Flood 2013 Volunteerism
On Thursday, July 4th, the GlobalFlow barbecue was pulled to High River to help feed volunteers helping with the cleanup in that community. The picture below includes (from left to right) Jeremy Sylvain, Lorie Travis, and Vanessa Davidson (GlobalFlow employees); Holly Vaughan and Elisa Reynolds (Pengrowth employees); and Tory Nudd (Zedi employee). In true Alberta spirit, everyone worked together to support their friends and neighbours.
With the impact of the Southern Alberta Floods on many GlobalFlow communities and their neighbours, Cam wanted to bring to your attention the extraordinary efforts of one GF employee to make a difference. Lorie Travis, acting GM of the Automation BU, spent a good part of her time last week and this week helping those who were in need in her community. Her account of what she did and saw and how it affected her is below. Please take a few minutes to read it.
Since the downtown core was closed down all last week, things were pretty quiet at GlobalFlow. Tuesday morning I was talking to Devon Mildenberger and he mentioned a website called www.yychelps.ca. It seemed that was the place to go if you wanted to volunteer. I felt I just couldn’t sit around the office when so many people needed help.
So I checked it out, and what an amazing website. Volunteer opportunities were posted, including where, how many people were required etc. You just signed up and then went! My first sign up was for Tuesday afternoon. I threw everything I thought I would need in the back of the van and drove down there. I went to Mission to a place right next to the Elbow River, across from Lindsay Park. I really had my eyes opened to the damage that was done to Calgary. As I was walking to my destination (the street was closed and I had to park a few blocks away), I saw people covered head to toe in mud. It looked like a war zone. The two small condos where I went had been completely under water. We were pulling cereal boxes from the top kitchen cupboards that were completely soaked. There were about 10 of us. I don’t think any of us even introduced ourselves to the owners. We just kept pulling stuff out of the condo and taking it to the curb. Everything was lost. The same day I went to another area of Mission and helped clean up some drywall at a big beautiful just completed house. Everyone on that street seemed to be in good spirits and the amount of volunteers walking in to help was amazing.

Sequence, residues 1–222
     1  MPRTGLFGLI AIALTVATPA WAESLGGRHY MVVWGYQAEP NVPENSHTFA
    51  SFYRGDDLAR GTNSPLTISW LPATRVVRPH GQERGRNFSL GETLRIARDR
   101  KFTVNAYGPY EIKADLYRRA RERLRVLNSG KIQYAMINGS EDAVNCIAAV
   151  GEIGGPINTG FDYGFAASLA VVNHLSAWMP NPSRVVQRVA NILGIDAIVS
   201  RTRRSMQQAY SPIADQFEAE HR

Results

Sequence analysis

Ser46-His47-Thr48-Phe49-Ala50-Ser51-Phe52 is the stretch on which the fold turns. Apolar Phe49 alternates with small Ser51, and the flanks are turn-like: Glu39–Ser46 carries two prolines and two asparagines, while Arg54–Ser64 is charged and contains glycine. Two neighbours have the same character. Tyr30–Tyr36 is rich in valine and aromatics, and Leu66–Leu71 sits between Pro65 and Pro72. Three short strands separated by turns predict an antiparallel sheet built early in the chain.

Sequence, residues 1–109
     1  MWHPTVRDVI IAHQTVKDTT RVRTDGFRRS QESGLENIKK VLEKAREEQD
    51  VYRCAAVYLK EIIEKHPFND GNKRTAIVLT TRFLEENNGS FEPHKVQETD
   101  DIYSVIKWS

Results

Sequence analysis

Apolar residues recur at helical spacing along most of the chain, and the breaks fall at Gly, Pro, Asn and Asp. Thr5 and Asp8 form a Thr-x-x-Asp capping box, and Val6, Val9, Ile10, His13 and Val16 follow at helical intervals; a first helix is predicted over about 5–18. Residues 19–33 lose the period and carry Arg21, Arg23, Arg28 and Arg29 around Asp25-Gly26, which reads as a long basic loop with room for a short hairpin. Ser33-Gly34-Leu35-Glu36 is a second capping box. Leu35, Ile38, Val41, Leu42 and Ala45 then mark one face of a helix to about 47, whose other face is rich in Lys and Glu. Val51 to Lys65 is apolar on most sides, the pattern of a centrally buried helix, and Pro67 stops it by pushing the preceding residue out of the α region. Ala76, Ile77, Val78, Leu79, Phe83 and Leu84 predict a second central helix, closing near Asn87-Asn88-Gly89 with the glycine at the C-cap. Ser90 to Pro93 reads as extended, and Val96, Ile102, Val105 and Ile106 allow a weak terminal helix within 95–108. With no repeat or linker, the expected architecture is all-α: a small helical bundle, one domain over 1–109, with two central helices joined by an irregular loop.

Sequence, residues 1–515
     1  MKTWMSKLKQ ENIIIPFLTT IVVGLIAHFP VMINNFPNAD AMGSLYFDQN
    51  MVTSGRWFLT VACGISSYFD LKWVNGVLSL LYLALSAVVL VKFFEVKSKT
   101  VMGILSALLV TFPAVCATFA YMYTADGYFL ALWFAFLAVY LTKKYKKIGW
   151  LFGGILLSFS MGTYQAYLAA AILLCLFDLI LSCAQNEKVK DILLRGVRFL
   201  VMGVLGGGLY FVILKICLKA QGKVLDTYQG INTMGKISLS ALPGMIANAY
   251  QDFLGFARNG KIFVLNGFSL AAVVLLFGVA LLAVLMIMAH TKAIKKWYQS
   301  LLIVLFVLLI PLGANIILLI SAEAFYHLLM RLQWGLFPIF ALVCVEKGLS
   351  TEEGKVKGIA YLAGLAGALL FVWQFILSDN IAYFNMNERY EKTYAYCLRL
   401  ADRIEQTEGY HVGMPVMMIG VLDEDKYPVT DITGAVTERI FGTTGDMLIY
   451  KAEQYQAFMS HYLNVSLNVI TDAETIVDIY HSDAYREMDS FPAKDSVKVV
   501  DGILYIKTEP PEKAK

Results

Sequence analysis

The next day I signed up to help clean up at Camp Kiwanis at Hwy 8 and 22. There were 30 people that showed up. I spent a couple of hours with someone named Ross washing down the floors in a log cabin. That river mud is sure hard to get rid of. They had so many volunteers I decided to go to Bragg Creek and see who needed help. I stopped at the community center, which was a hive of activity. They had signup sheets all ready and I was sent down the street to help clean out a garage. At first I thought these people were hoarders, but it turns out they had downsized and stored all their extra stuff in the garage. Most of it had to be thrown away. There were 8 of us there helping. Their yard was a mess. After that was finished I wandered over to have a look at the river, since I was only a few houses away. About 40 feet of bank was gone and the front part of a beautiful house was hanging in midair. Part of the highway was gone as well.